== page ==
“The great Immanuel Kant does not contrast the conservative motto “Don’t reason, Obey!” with “Don’t Obey, Reason!” but rather, he says “Obey! but reason nonetheless.” If we feel extorted by the bail-out plan to save the banks, we should stop and think about the fact that this kind of extortion happens in the first place. Therefore we shouldn’t succumb to the popular temptation to let our anger run wild, but we should rather channel our wrath into an icy resolve and think about what kind of society we live in: one where such an extortion is possible.”

    This sounds like something taken from an older Zizek article, “You May” (http://www.lrb.co.uk/v21/n06/zize01_.html) where he talks about the Kantian dictum, “You can, because you must!” (How Zizek defines the categorical imperative of “act according to the rules which you would want everyone else to follow.”)

    Our question is: what is the connection between Zizek’s spin on the traditional categorical imperative and his statement that we must stop to think about society as a whole rather than act in the face of one seemingly isolated crises?

    And secondly, why was this paragraph omitted from the English version? Are politics and economics really seen as that far off from philosophy? Can’t current affairs handle a bit of Kant?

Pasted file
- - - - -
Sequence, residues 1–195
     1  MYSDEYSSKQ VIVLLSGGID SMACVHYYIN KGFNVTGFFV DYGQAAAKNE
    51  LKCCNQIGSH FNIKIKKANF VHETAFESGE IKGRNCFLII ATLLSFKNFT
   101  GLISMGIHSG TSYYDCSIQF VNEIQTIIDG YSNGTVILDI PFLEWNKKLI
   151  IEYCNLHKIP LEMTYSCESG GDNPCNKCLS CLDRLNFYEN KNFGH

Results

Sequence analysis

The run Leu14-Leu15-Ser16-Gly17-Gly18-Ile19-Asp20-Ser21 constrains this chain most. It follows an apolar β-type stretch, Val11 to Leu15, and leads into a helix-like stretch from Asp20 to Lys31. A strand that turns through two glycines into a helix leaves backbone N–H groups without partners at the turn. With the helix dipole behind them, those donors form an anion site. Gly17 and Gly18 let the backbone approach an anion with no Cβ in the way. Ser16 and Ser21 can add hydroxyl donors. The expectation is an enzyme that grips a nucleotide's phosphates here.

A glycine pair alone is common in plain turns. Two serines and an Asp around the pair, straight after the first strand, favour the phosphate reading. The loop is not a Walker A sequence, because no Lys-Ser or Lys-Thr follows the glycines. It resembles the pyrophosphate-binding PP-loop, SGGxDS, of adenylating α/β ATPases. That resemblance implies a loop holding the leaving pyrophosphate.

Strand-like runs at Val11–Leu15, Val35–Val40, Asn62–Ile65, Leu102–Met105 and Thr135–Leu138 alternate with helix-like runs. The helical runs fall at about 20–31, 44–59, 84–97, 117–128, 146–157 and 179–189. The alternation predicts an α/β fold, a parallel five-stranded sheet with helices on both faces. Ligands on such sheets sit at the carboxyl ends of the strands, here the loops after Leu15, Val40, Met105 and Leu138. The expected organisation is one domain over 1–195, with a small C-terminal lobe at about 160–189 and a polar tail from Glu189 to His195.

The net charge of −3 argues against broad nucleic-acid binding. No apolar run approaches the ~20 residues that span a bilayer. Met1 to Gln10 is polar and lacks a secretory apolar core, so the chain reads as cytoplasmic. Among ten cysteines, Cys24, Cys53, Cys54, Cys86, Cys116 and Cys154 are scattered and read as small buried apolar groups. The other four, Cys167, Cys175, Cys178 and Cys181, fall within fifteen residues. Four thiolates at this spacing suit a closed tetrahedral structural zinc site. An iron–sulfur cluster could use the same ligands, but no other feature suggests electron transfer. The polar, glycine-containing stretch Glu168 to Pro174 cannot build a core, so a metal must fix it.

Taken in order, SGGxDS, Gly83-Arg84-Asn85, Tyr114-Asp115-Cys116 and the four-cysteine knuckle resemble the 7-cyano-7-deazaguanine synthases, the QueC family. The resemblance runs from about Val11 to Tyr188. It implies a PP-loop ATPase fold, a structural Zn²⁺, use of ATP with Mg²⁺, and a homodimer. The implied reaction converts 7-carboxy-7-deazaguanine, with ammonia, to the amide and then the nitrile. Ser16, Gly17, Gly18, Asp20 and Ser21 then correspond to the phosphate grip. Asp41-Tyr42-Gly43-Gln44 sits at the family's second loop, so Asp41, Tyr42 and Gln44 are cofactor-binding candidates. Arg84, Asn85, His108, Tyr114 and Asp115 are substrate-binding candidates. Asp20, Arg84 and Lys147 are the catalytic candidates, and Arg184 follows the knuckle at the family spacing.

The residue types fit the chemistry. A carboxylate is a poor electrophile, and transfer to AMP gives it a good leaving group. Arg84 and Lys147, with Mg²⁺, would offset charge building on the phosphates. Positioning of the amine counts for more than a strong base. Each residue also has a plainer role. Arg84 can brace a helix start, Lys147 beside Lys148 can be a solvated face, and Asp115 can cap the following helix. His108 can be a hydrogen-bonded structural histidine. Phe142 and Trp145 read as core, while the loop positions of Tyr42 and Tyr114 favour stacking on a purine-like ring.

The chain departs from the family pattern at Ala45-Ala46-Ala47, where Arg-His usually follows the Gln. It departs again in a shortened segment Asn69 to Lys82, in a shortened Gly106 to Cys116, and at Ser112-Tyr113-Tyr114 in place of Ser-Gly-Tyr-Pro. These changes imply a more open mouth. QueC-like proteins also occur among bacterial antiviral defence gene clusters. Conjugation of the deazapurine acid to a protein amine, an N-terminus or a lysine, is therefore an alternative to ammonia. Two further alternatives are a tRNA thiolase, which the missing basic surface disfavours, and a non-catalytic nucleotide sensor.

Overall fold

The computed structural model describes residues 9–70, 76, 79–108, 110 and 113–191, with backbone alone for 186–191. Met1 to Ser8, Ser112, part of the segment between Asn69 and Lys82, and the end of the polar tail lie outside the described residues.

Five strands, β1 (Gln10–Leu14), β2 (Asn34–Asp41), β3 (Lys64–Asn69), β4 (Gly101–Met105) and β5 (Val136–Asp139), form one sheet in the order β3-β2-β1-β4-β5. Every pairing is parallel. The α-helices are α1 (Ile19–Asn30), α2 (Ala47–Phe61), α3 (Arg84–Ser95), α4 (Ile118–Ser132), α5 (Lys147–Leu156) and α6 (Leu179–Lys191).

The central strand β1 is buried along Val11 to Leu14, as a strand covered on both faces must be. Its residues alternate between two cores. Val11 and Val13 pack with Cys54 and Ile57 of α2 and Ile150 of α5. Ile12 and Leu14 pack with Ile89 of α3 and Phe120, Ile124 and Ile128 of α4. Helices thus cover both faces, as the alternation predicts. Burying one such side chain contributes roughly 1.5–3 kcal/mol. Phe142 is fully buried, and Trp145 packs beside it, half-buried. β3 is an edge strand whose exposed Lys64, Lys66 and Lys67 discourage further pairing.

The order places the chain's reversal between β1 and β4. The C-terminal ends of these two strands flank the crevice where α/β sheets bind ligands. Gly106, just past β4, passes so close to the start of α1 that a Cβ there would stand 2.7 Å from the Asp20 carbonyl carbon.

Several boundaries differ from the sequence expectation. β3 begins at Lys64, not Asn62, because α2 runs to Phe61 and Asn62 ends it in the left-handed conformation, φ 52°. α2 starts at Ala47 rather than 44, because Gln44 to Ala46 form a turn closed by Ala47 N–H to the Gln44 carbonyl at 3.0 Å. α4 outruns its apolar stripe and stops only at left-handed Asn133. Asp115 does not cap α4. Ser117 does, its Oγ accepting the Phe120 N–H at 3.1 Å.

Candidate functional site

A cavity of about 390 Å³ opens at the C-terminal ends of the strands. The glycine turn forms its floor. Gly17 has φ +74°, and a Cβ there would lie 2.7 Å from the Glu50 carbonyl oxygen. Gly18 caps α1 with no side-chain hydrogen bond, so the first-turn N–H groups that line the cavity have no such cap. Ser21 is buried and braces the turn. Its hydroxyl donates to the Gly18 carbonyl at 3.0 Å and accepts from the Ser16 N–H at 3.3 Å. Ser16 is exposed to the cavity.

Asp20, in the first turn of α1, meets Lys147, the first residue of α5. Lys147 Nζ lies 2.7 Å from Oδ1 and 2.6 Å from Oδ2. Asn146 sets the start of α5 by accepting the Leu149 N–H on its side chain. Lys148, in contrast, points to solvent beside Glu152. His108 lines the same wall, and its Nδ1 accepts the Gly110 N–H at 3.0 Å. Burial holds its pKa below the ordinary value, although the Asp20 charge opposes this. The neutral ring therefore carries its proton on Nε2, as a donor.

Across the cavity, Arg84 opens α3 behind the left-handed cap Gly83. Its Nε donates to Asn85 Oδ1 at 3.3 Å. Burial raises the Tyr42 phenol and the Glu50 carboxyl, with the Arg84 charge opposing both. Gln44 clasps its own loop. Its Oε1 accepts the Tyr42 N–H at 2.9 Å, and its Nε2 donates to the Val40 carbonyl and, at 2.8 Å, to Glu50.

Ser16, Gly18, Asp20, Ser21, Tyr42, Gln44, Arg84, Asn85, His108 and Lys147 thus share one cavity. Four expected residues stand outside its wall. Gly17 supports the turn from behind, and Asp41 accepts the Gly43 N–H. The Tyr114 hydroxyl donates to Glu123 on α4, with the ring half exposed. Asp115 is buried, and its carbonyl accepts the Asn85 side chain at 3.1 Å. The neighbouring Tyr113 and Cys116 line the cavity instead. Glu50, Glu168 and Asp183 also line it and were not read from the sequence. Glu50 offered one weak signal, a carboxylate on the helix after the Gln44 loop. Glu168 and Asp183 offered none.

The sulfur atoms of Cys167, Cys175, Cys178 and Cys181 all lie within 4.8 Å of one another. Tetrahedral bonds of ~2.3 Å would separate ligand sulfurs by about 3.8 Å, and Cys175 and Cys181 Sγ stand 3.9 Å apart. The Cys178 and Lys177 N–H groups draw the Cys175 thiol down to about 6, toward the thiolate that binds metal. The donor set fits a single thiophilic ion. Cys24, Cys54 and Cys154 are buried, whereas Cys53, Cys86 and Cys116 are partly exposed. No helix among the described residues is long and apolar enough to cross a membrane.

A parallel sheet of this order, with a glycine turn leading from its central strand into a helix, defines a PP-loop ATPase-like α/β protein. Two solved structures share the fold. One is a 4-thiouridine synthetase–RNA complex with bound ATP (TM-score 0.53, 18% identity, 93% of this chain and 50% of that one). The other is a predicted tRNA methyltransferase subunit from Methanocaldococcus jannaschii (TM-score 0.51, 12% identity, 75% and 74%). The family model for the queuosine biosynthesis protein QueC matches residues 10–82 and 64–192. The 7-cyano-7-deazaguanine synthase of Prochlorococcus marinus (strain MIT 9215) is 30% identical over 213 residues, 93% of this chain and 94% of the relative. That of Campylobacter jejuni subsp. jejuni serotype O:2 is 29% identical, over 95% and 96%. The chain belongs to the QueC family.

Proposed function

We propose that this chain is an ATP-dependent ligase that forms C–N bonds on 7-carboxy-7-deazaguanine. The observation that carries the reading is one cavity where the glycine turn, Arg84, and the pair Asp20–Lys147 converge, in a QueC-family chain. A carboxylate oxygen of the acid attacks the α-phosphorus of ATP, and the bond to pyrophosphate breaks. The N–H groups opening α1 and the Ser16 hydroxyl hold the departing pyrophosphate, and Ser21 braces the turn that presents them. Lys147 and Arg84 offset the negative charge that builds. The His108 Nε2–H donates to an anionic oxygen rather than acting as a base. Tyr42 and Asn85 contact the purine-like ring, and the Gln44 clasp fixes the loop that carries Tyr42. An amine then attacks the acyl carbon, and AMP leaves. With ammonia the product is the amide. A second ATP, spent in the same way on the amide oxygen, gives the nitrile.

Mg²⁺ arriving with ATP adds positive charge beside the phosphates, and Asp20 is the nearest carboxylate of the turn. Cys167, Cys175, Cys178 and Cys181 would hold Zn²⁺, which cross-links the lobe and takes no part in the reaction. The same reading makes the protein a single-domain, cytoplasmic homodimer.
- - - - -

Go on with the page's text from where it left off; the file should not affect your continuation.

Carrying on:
Michael Zunenshine
    Jakob Kaminski

    Leipzig, Germany

    Mike and Jakob

    October 14, 2008 at 7:49 am

  2. There are claims of benefit for even schizophrenia from some talk therapy. If the patient improves while undergoing therapy then the therapy is credited. But there is a simple little known problem that can cause psychiatric symptoms when Subliminal Distraction exposure exceeds a threshold.

    SD is a normal feature in everyone’s physiology. It was discovered to cause mental breaks for office workers forty years ago. The office cubicle was designed to deal with the vision startle reflex to prevent the mental breaks by 1968.

    Since then there has been no research about it. It never occurs to anyone working in the field that this is a problem of physiology not office workspace. If you create the “special circumstances” for exposure the mental break or other psychiatric symptoms will happen.

    When exposure declines the symptoms decline. What ever the therapy, drugs or talk therapy at the time would be credited.

    L K Tucker

    March 22, 2009 at 5:40 pm